2021 BMW M5 Competition Review: The World’s Fastest Honda Accord

There are certain cars people like to put on a pedestal. Ferraris immediately come to mind, as do Porsche 911s, and—for very different reasons—Teslas. Arguably, the BMW M5 also falls into this category. The E39 version from the early 2000s is routinely recognized as one of the greatest sedans, if not one of the greatest cars, of all time. After having driven the 2021 BMW M5 Competition, however, I’m not sure the nameplate’s legendary status is doing this latest version any favors.

Of course, BMW’s salespeople will likely argue otherwise as they rake in their commissions, but as a driving machine, this modern five-passenger Autobahn missile feels outstandingly ordinary. Its tameness is probably an upside if you intend to use the M5 looking for daily-able comfort like our managing editor Jerry Perez did earlier this year. But if you’re gonna do that, a loaded-up Honda Accord provides about 75 percent of the experience for less than a third of the price. 

Chris Tsui

No, if I’m splashing $150,000 on a bright red, 617-horsepower luxury car, I want it to be obvious in the machine’s every sinew. And, to be fair, the M5 Comp is very fast, mighty luxurious, and extremely well put-together. But as a driver’s car, just isn’t quite as epic as its reputation may suggest.

2021 BMW M5 Competition: By the Numbers

  • Base price (as tested): $122,000 CAD* ($152,730 CAD)
  • Powertrain: 4.4-liter twin-turbo V8 | 8-speed automatic transmission | all-wheel drive
  • Horsepower: 617 @ 6,000 rpm
  • Torque: 553 lb-ft @ 1,800 to 5,860 rpm
  • 0-60: 3.1 seconds (est.)
  • Top Speed: 190 mph
  • Seating capacity: 5
  • Cargo volume: 14 cubic feet
  • Curb weight: 4,345 pounds
  • EPA fuel economy: 15 mpg city | 21 highway | 17 combined
  • Quick take: An extremely quick, extremely luxurious, and—equipped with the optional exhaust—extremely loud sedan, but not much else.

*All prices in Canadian dollars unless otherwise noted.

What’s New?

Now in its seventh generation, the BMW 5 Series is the luxury brand’s mid-size sedan. The go-to choice for the guy or gal who has grown up and out of their junior associate 3 Series but doesn’t have quite enough coin or clout yet to go for the big boss 7. 

The 600-horsepower M5, of course, is the high-performance variant while this 617-hp M5 Competition you see here is the even higher-performing variant of that and, I suspect, the one most people actually get and are interested in, bar the even harder core, limited-run M5 CS

Chris Tsui

(By the way, has anyone ever reviewed or even seen a 2021 model year, non-Comp, regular-ass M5 outside of BMW’s online configurator? I’m not even sure that car actually exists.)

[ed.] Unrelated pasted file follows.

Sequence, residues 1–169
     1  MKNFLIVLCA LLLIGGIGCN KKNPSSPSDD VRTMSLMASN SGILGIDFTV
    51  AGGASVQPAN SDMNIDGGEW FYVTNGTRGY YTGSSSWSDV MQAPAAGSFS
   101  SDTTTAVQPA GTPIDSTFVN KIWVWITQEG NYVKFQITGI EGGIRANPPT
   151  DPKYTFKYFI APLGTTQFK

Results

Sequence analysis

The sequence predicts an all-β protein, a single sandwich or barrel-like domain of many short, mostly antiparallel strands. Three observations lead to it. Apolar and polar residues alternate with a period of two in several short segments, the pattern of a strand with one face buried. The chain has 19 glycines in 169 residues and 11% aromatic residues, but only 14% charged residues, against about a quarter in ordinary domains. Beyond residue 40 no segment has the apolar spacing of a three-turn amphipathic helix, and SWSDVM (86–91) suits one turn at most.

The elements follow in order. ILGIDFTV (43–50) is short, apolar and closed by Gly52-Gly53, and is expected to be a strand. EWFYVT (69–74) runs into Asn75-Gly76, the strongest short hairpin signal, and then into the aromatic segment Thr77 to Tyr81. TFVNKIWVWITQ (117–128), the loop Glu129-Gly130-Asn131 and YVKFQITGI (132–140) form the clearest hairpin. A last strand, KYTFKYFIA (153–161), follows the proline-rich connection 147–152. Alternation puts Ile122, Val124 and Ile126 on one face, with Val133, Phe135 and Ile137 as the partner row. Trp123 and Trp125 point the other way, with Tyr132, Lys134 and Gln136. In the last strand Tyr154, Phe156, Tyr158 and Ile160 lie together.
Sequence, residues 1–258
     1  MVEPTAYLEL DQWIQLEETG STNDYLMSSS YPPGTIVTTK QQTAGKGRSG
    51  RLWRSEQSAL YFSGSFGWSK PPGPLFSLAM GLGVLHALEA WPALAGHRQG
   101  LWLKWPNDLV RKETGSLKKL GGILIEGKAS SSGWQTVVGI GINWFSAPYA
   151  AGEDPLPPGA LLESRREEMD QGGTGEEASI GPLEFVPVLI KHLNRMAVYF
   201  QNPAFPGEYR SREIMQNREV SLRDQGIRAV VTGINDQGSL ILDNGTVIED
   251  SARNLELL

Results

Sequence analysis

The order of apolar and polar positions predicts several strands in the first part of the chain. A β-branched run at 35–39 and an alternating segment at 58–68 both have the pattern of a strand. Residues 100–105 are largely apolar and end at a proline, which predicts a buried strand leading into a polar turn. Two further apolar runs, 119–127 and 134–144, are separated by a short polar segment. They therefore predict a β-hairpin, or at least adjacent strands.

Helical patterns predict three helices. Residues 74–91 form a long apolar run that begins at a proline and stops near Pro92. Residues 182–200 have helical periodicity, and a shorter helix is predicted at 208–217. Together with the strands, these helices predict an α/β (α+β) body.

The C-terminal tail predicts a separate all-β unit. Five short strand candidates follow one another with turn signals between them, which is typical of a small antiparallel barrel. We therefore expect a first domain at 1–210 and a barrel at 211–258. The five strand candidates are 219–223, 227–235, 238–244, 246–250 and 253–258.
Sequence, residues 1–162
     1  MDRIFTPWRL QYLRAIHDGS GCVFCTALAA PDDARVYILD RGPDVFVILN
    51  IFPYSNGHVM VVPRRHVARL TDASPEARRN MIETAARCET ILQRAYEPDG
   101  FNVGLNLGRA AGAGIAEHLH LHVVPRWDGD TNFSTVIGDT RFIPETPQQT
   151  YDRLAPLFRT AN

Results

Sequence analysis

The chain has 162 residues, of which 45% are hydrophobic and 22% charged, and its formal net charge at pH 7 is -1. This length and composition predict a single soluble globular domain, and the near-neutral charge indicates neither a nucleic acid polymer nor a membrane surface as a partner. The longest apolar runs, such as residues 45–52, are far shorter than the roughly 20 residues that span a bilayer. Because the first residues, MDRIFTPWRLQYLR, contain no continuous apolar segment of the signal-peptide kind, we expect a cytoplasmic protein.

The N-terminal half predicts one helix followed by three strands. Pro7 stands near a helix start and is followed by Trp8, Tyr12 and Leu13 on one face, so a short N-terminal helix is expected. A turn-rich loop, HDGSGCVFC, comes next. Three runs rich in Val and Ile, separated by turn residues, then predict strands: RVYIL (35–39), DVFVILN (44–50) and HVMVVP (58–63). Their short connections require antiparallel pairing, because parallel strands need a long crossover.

Anyhow, the entire 5 Series slate received a facelift this year and, for the M5 Comp, that meant tweaked styling, a bigger 12.3-inch infotainment touchscreen, Track mode, new shocks, and recalibrated dampers.

Driving Impressions

Firing up the M5 Competition for the first time, the 4.4-liter V8 started with a raucously, excessively loud roar. Turns out, this was the work of the carbon-tipped M Performance titanium exhaust, a $6,000 optional extra. While highway drone is minimal and the volume is quite appropriate when you consider the pace on-tap, cold morning starts are a dog- and baby-frightening, neighbor-waking event. At speed, the V8 sounds throaty with an aggressive crackle that brings to mind a phlegm-congested dragon. 

Chris Tsui
Chris Tsui

It’s definitely shouty and lets people know you’ve arrived. But the sound of BMW’s V8s have never really been as melodic or evocative as, say, the eight-cylinders associated with names like Shelby, AMG, Ferrari, Hellcat, Jaguar, or even Lexus. Some of those cars are worth having for the sound alone. I just can’t say the same for this M5’s titanium-magnified voice. 

Sound aside, the M5 Comp is—to use a technical term—really fucking fast. Both grip and acceleration are several magnitudes higher than any reasonable person would ever need on the street but steering is precise but not especially more feelsome or engaging as any other regular sedan. The brake pedal feels similarly everyday to the foot but, of course, is connected to a set of M Compound stoppers strong enough to launch its driver through the windshield GTA-style if bolted onto a Miata. 

Chris Tsui

The transmission, an eight-speed torque-converter automatic, is tuned very much with comfortable fluidity in mind rather than seat-bucking drama although initiating launch control is followed by some decently jolty full-throttle upshifts. Manual shifts requested via paddle come quick but aren’t instantaneous. The ride is quite comfortable even in the rough-and-tumble Sport settings. 

It all adds up to a driving experience that, other than the slightly overdone aural theater coming out of the exhaust, feels… ordinary. Don’t get me wrong, the M5 Comp remains objectively capital-F fast and able to do things in corners that are scarcely believable given its size but it never feels thrilled to be there. It’s staid in how it delivers that speed, never gets unhinged or even a little silly. 

Outrunning supercars is, by definition, the M5’s job and this one definitely gets it done. With the keyword here being “job.” Eviscerating a backroad with the M5 rarely feels like an act of fun but rather a purpose-built machine simply going about its duty. It clocks in and then it clocks out. And that’s even when you’re driving fast.